I have a soft spot for Soderbergh’s Ocean’s Thirteen. Yes, it’s big and vacuous and ultimately empty, with a bunch of celebrities sitting around and enjoying each other’s company, but it’s also fun and diverting, composed by a director with a wonderful eye. I’d argue that it’s almost as solid as Ocean’s Eleven, and a damn sight stronger than Ocean’s Twelve.

In con men circles, that would be called "the Selleck"...

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Non-Review Review: Contagion

It’s somewhat ironic that the biggest fault with Contagion is that it’s not nearly clinical enough. Soderbergh’s exploration of the impact of a mass pandemic actually works best when the director pulls back to give us a high-level overview of a society collapsing, the individual lives reduced – appropriately enough – to microscopic cells in a larger organism in what might be its death throes. It’s these sequences and shots that are brilliantly effective, demonstrating the systemic and group dynamics that enable and facilitate the spread of a deadly bird flu variant, while the more intimate moments feel awkward and shoehorned in, never afforded enough space to develop character or plot lines. Still, if you pull back and look at the big picture, Soderbergh’s latest effort is an engaging ambitious disaster movie.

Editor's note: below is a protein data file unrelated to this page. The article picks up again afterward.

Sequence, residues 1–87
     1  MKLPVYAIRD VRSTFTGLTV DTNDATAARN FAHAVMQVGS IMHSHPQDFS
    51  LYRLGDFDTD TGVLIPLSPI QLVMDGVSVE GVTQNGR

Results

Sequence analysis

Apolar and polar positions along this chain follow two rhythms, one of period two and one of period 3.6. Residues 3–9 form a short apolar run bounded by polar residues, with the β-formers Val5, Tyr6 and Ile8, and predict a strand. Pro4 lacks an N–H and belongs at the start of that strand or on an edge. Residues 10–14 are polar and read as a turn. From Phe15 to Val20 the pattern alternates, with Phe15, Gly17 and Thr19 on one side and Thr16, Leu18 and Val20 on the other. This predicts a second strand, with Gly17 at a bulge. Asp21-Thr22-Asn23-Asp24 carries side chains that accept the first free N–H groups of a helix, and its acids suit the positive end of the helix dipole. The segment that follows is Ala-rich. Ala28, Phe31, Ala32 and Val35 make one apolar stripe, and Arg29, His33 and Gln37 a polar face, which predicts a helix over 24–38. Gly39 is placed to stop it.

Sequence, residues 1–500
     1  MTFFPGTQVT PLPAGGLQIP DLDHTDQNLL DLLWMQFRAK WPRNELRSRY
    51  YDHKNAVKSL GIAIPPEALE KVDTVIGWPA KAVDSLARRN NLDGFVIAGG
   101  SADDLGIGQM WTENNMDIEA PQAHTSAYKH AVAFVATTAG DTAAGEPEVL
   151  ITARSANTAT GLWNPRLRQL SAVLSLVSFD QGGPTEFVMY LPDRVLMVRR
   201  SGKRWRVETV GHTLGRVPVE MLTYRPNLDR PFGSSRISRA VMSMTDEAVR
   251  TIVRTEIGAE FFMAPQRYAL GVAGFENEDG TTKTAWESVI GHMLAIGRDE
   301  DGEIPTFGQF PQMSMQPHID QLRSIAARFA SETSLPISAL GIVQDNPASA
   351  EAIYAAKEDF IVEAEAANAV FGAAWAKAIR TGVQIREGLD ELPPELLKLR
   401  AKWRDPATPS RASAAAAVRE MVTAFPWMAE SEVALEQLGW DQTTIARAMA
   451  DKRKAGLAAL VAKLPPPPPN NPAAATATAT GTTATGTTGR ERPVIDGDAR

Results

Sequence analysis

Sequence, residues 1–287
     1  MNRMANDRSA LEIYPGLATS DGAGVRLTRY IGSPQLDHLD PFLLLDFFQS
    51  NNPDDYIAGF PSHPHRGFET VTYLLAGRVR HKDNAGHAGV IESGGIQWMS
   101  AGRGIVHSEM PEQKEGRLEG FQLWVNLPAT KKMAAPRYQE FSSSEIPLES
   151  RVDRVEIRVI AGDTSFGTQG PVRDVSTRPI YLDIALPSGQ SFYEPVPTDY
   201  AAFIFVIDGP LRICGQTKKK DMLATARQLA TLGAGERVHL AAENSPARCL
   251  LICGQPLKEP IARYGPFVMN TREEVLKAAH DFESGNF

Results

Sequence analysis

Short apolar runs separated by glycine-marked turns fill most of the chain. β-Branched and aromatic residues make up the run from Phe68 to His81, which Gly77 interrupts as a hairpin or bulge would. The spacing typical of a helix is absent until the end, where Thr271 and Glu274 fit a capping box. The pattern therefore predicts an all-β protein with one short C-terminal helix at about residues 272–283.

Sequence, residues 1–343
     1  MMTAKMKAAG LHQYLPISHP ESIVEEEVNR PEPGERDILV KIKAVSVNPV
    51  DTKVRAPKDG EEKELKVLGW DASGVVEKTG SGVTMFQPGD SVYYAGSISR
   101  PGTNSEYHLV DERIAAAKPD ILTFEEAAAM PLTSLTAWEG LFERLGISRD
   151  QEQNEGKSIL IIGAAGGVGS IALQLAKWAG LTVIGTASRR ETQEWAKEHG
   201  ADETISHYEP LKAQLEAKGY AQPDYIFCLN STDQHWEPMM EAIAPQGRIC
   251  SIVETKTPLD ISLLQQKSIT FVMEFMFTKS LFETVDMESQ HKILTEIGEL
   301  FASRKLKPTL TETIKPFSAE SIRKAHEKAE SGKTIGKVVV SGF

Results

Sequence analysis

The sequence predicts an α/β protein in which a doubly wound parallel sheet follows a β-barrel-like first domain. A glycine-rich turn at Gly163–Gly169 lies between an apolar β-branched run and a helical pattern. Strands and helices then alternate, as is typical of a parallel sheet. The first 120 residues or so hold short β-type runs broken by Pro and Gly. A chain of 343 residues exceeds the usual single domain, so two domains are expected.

One sick picture...

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Tell Them I’m Coming: The Power of a Tagline…